No, these aren’t my measurements, but they are numbers that are forever etched in my mind. These were my ages when I had ‘unwanted sexual advances’ brought up against me. And yes, that is my very careful way of putting it because though years into my recovery it’s still hard to call it what it really is.
One in three…
I’m not sure if this is a false sense of bravado brought on by the fact that I’m currently in pre-production for a film about sex trafficking in Jamaica. Or if it’s due me forcing myself to sit through the video for “Til it Happens to You” by Lady Gaga… five times… or if it’s because I’ve just finished watching the documentary “The Hunting Ground” and seen how two college girls’ survivor stories changed the USA. Whichever it is, I sincerely hope that by tomorrow when people start reading this I won’t be overcome with fear, delete it and pretend as if it never happened.
It happened. Three times. By three different people. Stranger Danger was not my story, and this realisation is what struck me the hardest. These were all people I knew and trusted and that didn’t matter. What was more shocking is that I’m 98% sure that two of these three people had little to no idea that what they did was wrong, let alone a crime.
[For clarity – since I am doing this blog – I will not speak of the first incident (which also happened to be the most traumatic and damaging), the second I was held down and forcefully groped in public and the third I was pinned to a bed and held against my will…for nearly an hour]
As a girl growing up I got all the talks – don’t go to places with people you don’t know, be careful what you wear on the street, don’t take drinks from strangers, don’t leave your drink open and come back to it, follow your instincts, don’t take unmarked taxis, don’t be afraid to scream for help…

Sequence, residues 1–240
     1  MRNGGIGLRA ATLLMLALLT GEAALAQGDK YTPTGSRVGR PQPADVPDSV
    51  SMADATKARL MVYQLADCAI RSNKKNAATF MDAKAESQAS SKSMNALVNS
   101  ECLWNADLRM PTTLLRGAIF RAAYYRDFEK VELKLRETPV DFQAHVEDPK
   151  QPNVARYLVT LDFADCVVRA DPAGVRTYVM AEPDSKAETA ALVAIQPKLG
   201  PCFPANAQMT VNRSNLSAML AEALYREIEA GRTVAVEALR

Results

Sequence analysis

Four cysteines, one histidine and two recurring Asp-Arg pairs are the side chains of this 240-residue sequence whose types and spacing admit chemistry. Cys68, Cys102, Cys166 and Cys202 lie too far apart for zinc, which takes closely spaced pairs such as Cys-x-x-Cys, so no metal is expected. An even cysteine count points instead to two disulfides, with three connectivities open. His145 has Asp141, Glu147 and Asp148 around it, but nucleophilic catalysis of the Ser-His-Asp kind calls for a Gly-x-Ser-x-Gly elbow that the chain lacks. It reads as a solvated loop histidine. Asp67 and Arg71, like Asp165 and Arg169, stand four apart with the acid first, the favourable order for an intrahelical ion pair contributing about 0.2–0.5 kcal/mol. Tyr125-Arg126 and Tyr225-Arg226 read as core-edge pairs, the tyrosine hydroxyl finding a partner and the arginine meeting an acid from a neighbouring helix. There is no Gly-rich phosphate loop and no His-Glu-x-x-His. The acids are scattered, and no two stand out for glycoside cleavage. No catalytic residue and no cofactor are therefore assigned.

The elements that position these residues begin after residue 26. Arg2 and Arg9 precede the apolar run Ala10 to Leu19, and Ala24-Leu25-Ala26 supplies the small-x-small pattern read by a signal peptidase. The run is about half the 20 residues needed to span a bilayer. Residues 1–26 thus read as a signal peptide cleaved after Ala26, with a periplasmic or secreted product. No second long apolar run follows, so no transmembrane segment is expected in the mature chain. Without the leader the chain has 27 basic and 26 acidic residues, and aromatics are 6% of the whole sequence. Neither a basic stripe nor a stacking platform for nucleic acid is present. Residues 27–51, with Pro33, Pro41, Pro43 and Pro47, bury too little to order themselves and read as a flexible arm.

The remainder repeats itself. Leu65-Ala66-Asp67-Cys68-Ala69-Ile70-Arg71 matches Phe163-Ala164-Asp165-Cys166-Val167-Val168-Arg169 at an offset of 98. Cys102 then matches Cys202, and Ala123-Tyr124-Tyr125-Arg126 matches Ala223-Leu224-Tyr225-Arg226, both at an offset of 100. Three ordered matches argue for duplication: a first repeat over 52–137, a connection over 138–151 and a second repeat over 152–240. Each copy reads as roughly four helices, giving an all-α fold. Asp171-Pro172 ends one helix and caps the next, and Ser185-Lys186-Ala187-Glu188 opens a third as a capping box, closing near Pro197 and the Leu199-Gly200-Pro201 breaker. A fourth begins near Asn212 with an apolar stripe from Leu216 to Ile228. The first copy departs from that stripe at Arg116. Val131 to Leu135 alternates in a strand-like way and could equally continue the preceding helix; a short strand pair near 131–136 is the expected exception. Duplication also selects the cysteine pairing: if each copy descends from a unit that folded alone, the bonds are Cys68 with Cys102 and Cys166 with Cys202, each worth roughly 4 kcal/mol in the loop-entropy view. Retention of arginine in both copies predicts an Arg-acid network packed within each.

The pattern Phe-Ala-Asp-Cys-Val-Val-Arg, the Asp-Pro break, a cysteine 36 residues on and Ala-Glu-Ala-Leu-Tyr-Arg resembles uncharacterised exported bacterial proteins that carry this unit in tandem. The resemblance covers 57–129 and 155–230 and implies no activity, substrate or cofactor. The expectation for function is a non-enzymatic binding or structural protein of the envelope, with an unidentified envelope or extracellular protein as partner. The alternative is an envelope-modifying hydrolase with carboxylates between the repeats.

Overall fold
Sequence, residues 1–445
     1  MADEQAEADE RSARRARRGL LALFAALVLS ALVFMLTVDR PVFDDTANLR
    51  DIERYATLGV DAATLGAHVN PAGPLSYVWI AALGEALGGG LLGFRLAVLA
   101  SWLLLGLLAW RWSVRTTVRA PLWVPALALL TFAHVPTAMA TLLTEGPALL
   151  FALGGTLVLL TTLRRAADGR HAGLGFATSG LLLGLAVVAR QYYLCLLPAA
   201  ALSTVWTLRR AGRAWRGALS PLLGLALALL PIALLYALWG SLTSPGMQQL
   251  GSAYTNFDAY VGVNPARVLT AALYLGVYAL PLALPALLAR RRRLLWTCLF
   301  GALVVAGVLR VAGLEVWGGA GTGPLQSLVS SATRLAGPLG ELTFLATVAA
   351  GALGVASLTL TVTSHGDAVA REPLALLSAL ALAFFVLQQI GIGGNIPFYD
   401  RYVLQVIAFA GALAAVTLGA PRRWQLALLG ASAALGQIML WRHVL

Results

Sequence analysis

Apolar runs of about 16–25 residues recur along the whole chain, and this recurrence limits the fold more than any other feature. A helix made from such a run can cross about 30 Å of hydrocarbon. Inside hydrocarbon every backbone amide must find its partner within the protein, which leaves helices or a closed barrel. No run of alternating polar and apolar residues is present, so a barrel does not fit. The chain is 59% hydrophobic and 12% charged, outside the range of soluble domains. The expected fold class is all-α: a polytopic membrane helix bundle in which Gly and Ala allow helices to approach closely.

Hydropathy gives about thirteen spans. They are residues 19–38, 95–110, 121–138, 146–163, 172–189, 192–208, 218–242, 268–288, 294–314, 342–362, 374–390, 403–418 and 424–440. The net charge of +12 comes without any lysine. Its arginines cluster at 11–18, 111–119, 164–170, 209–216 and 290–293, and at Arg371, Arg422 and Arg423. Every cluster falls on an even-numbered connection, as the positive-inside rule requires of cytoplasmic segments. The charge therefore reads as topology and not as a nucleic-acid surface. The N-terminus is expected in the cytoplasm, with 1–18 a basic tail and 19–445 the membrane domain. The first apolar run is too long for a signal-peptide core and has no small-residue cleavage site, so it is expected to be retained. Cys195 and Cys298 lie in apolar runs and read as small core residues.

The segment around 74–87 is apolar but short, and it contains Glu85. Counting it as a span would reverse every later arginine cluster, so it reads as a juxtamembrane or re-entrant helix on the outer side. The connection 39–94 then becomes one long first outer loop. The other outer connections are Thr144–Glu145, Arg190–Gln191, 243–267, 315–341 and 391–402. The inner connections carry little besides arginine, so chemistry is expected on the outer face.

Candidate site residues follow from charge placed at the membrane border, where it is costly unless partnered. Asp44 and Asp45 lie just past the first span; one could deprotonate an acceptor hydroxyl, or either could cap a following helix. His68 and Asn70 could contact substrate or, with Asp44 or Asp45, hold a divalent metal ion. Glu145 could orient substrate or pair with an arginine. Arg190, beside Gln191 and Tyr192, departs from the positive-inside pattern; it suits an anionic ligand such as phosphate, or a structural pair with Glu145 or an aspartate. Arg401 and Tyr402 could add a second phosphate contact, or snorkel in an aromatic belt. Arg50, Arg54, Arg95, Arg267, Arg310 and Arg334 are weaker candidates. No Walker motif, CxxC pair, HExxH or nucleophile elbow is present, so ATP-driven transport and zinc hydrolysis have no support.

I didn’t grow up with boys but I wonder if they get a similar talk and similar warnings? Personally, I’m sick of how barely reactive we are to issues of sexual assault and abuse. I’m also really tired of females being blamed and being badgered with questions like “What were you wearing?” “Were you drunk?” If clothes were the issue 1. Men wouldn’t be raped and 2. Women who live in places that require them to be covered from head to toe also wouldn’t have an issue with rape.
It’s time we start having conferences for rape prevention specifically designed for men. It should be just decent behaviour to know not to invade someone’s intimate space unless you’re invited, everybody should know that. But when we are constantly being bombarded with sex-this and sex-that, something is bound to stick the wrong way. Now, don’t misunderstand me, in NO WAY am I excusing what these men/boys did, I’m simply saying there is a huge piece of the puzzle that we are missing and are refusing to acknowledge.
It’s time to change the conversation and remove the blaming spotlight from the victims. The only thing we should be highlighting about the victims is becoming survivors and healing from the trauma.
Healing is possible, but it’s gradual, painful and continuous. Some days it feels like you take one step forward and fifty steps back, but the key is to keep pressing forward. I’m not at the same place I was ten years ago and that’s because of a combination of spirituality (God cares…), intense therapy, medication and an amazing support team. Your combination may be different but I need you to know IT WILL GET BETTER. Yes, it will take some time, yes there will be times when you feel like there’s no progress, sometimes you’ll wonder if you will ever not be “damaged”.
I just need you to know more than anything that there is hope. You can overcome and you will live an amazing, fulfilling life.
Take care of you. You’re not a victim, you’re a survivor.
Below are the links to a few websites that were resourceful to me:
https://www.rainn.org/ (mostly useful for those in the US)
http://www.pandys.org/ – literally saved my life a few times.
Don’t be afraid to reach out to me. I’m happy to just be a listening ear.